Author Topic: Japan, AE Cash, Kobu-sen, cast at Chikuzen  (Read 114 times)

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Offline capnbirdseye

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Japan, AE Cash, Kobu-sen, cast at Chikuzen
« on: February 12, 2019, 12:17:44 PM »
Another one to identify,  quite light in weight 1.93g    23mm

A small hole in the casting
« Last Edit: February 13, 2019, 10:27:00 AM by capnbirdseye »
Vic

Offline Figleaf

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Re: Chinese cash to identify
« Reply #1 on: February 12, 2019, 04:22:25 PM »
Provisional id, until a real expert has looked at this coin: emperor Hong Wu. I am in doubt because of 1) the see-through character of the coin, suggesting that it is light weigh and b) I would have expected writing on the reverse.

Peter
An unidentified coin is a piece of metal. An identified coin is a piece of history.

Offline capnbirdseye

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Re: Chinese cash to identify
« Reply #2 on: February 12, 2019, 09:33:00 PM »
Another from the Ming dynasty then, I note the two  characters left & right are the same as the coin I posted a couple of days ago but top & bottom are different.

It's the first time I've seen one with a small hole which I presume is from it's original casting and shows poor quality?
Vic

Offline Figleaf

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Re: Chinese cash to identify
« Reply #3 on: February 12, 2019, 10:33:03 PM »
Except for the oldest Chinese coin, the left and right characters are always the same. They are tung pao (Wade-Giles). This is translated differently by different sources. My favourite translation is "valid money". These characters play no role in identifying the emperor or dynasty. The top and bottom characters are the name of the era. One emperor's reign may cover more than one era, but an era identifies the emperor. Any denomination or mintmark is on the reverse.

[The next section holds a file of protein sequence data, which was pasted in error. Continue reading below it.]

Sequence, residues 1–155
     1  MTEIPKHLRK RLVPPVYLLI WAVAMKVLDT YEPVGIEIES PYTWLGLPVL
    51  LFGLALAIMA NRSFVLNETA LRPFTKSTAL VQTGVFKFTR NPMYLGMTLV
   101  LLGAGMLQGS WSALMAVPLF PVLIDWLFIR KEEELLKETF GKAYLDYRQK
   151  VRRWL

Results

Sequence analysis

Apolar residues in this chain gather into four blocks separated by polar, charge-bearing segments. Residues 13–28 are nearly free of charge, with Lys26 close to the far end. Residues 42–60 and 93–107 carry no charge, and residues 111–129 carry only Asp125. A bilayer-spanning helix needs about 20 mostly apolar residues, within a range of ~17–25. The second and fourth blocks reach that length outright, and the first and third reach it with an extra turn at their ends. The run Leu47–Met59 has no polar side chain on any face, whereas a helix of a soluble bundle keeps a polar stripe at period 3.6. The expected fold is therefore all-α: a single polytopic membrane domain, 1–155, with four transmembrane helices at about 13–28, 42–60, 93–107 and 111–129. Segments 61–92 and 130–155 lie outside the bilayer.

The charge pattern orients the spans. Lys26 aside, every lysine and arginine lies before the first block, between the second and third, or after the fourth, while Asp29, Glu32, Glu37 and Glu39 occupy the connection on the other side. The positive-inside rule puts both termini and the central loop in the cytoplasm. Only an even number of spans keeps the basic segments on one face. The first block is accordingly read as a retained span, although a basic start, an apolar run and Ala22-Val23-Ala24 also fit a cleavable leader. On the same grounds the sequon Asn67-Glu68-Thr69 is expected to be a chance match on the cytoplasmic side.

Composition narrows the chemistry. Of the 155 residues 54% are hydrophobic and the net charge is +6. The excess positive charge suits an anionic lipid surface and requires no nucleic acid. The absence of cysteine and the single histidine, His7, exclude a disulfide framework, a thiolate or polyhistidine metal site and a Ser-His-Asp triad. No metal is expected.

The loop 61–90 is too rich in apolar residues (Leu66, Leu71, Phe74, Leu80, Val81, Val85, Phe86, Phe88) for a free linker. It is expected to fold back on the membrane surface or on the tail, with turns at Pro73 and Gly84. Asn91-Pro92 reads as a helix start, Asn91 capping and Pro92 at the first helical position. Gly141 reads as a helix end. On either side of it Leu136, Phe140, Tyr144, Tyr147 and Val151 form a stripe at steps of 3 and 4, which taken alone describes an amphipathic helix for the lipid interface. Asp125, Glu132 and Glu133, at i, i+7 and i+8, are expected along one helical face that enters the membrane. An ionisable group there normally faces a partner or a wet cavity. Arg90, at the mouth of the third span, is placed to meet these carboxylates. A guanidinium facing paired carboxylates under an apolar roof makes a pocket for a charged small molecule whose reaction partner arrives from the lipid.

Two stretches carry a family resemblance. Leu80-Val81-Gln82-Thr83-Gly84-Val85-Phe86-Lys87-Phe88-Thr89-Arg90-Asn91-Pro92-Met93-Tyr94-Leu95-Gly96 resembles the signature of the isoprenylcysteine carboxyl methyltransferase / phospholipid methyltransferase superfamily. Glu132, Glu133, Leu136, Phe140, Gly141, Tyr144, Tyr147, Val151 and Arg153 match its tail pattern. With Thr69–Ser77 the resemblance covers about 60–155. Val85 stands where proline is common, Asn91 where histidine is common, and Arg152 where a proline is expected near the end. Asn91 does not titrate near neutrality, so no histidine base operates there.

From there on, things are more complex. Casting coins allows for very precise copies. However, the Chinese have always been control freaks, so to indicate a different period, they made subtle changes in the characters, much like "secret marks" on late medieval and early renaissance European coins. It takes a modern catalogue and a degree of expertise to determine the exact subtype, but that can lead to finding the exact year the coin was cast. In a similar way, subtle changes in the characters, the metal or the quality of the cast can tell an expert the coin is an imitation, either from an area where cash type coins were also used (e.g. Japan, Korea, Vietnam) or from an area where there were lots of Chinese (e.g. Indonesia, Malaysia) - using modern country names here - who had a use for cash coins but no source for them.

On top of the above, there are special coins, such as seed coins - used to make moulds or local seed coins, much like European patterns, commemoratives, posthumous coins, temple tokens and palace coins (Chinese new year gifts for the powerful from the even more powerful), loosely comparable to European silver counters. Additionally, there is an abundance of fakes, even of cheap types, that makes it very difficult to collect Chinese cash coins. >:(